Sorry for the late summary on this but here is what fixed the problem.
Thanks to all of you that did reply. I have listed the replies below.
I hope I haven't left anyone out.
The reason this took so long is that nothing seemed to be helping the
problem. Today as a last ditch effort I tried putting a + sign in the local
passwd file on this machine and then I could login as a user over the LAN
and then su to root once on the machine. This is how all other machines
are set up on our LAN, nis for all users and root controlled locally on
each machine. Now I have taken the plus back out of the passwd file and
and set the nsswitch the same as all other machines and its still
Thanks again to everyone and to Joe Buhr since after reviewing his mail
I decided to try the + sign. I still don't understand why that fixed the
Timothy Lindgren [firstname.lastname@example.org] wrote:
passwd: nis [NOTFOUND=continue] files
And obviously dont have root in a nis table.
David Evans [DJEVANS@au.oracle.com] wrote:
You probably want "compat" for passwd but you may find
files [NOTFOUND=continue] nis
more suitable depending on you usage. If you are using +/- syntax
you can only go with compat.
Buhr Joseph-C17297 [Joe.Buhr@motorola.com] wrote:
If memory servers me correctly (been away from nis for a while)...
I think you need the line to be
passwd: files nis
and at the bottom of your /etc/passwd file put a + sign.
Isn't there a [NOTFOUND=Return] between 'nis' and 'files'?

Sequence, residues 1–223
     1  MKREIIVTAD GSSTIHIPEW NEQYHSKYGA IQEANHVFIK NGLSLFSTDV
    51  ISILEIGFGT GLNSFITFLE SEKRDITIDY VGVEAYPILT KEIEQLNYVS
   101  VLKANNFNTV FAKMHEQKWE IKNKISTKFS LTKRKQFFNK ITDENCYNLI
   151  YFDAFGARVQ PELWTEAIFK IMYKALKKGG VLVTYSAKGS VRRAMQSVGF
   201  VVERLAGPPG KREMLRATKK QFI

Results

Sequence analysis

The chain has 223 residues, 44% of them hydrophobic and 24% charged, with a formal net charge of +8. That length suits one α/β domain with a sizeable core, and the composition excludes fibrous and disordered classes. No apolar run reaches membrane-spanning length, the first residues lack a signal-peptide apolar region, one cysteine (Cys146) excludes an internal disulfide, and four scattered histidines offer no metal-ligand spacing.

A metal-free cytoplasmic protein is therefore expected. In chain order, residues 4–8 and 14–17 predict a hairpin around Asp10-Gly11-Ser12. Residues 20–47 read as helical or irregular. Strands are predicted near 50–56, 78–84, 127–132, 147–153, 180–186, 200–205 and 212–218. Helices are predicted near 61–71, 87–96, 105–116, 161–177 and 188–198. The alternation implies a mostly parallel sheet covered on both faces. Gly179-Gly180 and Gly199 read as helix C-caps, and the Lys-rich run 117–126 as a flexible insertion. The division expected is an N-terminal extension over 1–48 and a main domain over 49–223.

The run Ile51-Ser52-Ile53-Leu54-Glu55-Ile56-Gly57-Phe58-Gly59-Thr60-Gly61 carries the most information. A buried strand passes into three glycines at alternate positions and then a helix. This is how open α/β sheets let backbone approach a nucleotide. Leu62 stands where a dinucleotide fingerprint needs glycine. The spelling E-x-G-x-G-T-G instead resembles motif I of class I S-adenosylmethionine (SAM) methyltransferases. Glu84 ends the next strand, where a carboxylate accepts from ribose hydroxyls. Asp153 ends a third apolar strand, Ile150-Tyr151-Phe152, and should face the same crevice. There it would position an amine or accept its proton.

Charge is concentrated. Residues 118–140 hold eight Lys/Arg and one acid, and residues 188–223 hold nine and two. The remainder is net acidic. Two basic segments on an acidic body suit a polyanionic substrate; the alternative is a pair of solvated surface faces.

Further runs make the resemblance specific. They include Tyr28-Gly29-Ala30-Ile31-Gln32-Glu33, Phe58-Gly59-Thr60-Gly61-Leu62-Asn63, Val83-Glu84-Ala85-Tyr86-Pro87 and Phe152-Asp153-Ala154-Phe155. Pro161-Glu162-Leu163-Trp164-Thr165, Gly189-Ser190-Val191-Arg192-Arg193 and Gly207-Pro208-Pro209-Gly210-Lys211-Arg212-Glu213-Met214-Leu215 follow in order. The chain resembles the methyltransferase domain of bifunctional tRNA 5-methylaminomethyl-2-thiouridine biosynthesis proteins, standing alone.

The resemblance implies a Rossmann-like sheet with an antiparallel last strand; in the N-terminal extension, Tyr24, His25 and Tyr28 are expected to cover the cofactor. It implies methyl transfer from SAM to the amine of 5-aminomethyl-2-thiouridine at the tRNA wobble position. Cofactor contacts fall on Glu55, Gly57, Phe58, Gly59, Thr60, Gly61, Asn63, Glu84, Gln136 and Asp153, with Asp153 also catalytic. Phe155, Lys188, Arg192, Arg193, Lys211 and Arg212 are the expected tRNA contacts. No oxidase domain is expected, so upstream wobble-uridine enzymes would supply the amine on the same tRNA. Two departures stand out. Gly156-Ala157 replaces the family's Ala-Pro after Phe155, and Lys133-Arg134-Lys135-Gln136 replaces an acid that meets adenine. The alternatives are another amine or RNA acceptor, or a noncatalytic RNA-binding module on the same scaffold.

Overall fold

It sounds just like you only have access to the first
Simon Dray [Simon.Dray@bbsrc.ac.uk] wrote:
I would think that you are trying to su to root from a user not registered
in the nis database.
Adzman SK [email@example.com]wrote:
I think what might have happen here is that you populated root
(and several other system accounts) on the NIS server. So that's why when
/etc/nsswitch.conf has the entry "passwd: nis files", you cannot SU. It
is because you are supplying the wrong password.
Probably you should check your NIS server and remove all the
system accounts. System accounts need not be populated as the appear in
all the machine/servers/workstations.
Mike DeMarco [firstname.lastname@example.org]wrote:
change it to passwd: files [NOTFOUND=continue] nis
Do you by chance have root on nis+?
Bruce R. Zimmer [email@example.com]wrote:
The problem is that you have a root user in your NIS database, and the
password for that machine and the NIS root user do not match. Easiest
solution would be to remove root from NIS and locally manage root on
From: Howard Boggs [mailto:firstname.lastname@example.org]
Sent: Tuesday, July 27, 1999 6:31 PM
Cc: Howard Boggs
This is a strange problem that one of you may
have seen before. I can not su to root on one
machine when the passwd section of nsswitch.conf
is set to "passwd: nis files" if I change it to
"passwd: files nis" then no user can log in but
I can su to root. Our user accounts are all nis.
Any help would be greatly appreciated.
TIA and as always will summarize.
Howard Boggs - Information Officer
BridgePoint Technical Manufacturing
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